Champagne tastes on a beer budget? No problem. A really good Prosecco or cava, after all, is at least as good as an indifferent French bubbly and, when it comes to champagne cocktails, a dry cava with robust bubbles is actually better at holding its own when it’s mixed with spirits. Segura Viudas, a widely available dry Spanish cava, is a common choice among cocktail bartenders. At less than $18, it costs about a quarter the price of French champagne.
While we’re at it, let’s take another page out of the barman’s book: Fizz needn’t always be served in crystal flutes anymore. The new generation of champagne cocktails is often served in rocks and Collins glasses, adding a touch of rusticity to a luxurious holiday ritual.
Although served straight-up and in a flute for decades, an early (1930) version of the French 75 served with cracked ice in a tall glass is regaining popularity.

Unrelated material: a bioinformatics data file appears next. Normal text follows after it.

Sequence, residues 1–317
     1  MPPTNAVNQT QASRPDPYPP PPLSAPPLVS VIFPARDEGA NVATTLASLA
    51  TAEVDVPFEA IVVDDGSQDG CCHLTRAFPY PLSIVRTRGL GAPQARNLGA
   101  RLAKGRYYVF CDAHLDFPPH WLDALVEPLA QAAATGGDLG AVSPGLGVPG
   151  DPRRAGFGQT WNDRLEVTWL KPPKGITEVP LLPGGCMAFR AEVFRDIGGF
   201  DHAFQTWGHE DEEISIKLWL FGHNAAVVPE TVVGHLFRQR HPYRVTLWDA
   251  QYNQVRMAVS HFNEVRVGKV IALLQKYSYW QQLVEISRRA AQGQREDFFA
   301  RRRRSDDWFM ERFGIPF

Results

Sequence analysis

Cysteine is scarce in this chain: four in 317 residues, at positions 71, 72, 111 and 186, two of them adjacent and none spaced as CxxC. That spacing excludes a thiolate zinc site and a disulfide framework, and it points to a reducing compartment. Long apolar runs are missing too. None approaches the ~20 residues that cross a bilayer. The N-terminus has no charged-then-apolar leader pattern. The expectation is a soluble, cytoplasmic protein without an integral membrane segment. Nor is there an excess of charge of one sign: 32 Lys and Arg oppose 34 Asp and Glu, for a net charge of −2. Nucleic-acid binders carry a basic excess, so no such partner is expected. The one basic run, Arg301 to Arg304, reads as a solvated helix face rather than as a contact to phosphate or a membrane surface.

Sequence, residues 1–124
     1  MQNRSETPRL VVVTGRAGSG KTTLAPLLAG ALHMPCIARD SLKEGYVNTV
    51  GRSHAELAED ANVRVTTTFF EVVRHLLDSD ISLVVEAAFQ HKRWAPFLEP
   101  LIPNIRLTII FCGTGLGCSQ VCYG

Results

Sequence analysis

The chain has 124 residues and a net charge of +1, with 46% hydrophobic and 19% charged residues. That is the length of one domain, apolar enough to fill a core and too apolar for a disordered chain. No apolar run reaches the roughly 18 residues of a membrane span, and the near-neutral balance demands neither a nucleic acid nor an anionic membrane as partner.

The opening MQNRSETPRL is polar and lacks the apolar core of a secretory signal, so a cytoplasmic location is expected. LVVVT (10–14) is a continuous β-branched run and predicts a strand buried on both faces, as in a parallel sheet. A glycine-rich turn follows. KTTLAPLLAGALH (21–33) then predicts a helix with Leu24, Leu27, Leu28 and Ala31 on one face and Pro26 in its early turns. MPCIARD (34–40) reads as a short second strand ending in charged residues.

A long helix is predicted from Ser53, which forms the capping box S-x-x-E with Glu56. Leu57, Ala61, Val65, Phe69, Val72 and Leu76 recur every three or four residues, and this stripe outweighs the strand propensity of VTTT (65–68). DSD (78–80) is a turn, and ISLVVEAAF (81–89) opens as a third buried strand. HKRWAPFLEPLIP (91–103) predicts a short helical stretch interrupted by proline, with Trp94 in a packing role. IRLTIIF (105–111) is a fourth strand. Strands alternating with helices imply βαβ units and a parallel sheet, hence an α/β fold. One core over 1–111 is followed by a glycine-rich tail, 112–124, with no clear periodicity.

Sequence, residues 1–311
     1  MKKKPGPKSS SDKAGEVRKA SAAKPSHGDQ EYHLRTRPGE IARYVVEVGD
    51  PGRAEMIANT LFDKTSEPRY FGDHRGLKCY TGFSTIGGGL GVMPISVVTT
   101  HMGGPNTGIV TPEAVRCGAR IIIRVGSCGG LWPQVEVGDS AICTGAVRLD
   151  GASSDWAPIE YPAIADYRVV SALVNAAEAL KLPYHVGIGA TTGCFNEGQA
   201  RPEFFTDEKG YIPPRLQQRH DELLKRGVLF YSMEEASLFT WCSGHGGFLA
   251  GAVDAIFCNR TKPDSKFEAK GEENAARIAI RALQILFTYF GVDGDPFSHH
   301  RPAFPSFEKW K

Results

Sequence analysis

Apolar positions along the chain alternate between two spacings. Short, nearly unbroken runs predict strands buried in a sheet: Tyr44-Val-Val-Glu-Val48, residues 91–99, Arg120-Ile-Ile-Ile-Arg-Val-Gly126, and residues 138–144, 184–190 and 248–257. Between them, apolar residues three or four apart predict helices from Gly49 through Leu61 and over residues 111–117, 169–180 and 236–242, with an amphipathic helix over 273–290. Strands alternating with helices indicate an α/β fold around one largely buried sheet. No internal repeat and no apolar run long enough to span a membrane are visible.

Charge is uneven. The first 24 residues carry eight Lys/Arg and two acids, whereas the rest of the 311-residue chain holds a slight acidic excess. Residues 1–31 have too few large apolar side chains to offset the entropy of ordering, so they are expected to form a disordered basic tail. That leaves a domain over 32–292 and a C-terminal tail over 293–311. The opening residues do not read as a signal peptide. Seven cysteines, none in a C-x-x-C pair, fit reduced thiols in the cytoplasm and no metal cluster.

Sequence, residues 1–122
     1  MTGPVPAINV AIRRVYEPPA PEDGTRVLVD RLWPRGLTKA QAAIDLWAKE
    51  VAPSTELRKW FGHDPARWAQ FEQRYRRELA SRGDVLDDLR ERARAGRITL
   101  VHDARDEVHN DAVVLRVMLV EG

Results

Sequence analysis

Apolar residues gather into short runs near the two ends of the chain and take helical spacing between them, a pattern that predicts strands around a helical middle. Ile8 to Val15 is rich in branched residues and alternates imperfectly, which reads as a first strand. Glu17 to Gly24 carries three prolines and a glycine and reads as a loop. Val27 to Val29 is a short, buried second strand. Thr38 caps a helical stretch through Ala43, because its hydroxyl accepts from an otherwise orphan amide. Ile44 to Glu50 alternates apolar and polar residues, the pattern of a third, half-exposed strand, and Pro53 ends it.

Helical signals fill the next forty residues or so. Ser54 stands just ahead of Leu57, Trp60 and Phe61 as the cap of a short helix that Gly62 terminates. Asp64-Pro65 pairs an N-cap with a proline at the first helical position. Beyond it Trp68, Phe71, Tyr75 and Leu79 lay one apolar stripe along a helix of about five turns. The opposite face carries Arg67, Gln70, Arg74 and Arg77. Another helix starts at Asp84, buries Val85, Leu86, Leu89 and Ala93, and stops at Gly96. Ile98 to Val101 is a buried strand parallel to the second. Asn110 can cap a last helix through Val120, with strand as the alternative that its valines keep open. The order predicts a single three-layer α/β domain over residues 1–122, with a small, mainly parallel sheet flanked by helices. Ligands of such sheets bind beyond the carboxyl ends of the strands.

1 oz gin
1 oz fresh lemon juice
½ oz simple syrup (see Tip, below)
2 oz cava
Shake all ingredients except cava in a shaker. Add cava to shaker. Strain mixture into an ice-filled Collins glass. Garnish with a lemon twist.
This sturdy and simple beer-and-champagne hybrid dates to 1861, when London mourners raised a glass on the occasion of Prince Albert’s death.
Carefully fill a flute or a Collins glass halfway with stout. Slowly add cava to the rim.
Translated as the “Mistaken” Negroni, this new bubbly classic is a happy accident, said to have been invented in Milan in the1980s when a bartender reached for gin and grabbed bubbly instead.
1 oz sweet vermouth
1 oz Campari
2 oz cava
Pour into a rocks glass over ice and stir. Garnish with a thin orange slice.
TIP I make a batch of simple syrup with two parts sugar to one part water. Heat until the sugar dissolves, let it cool, and refrigerate.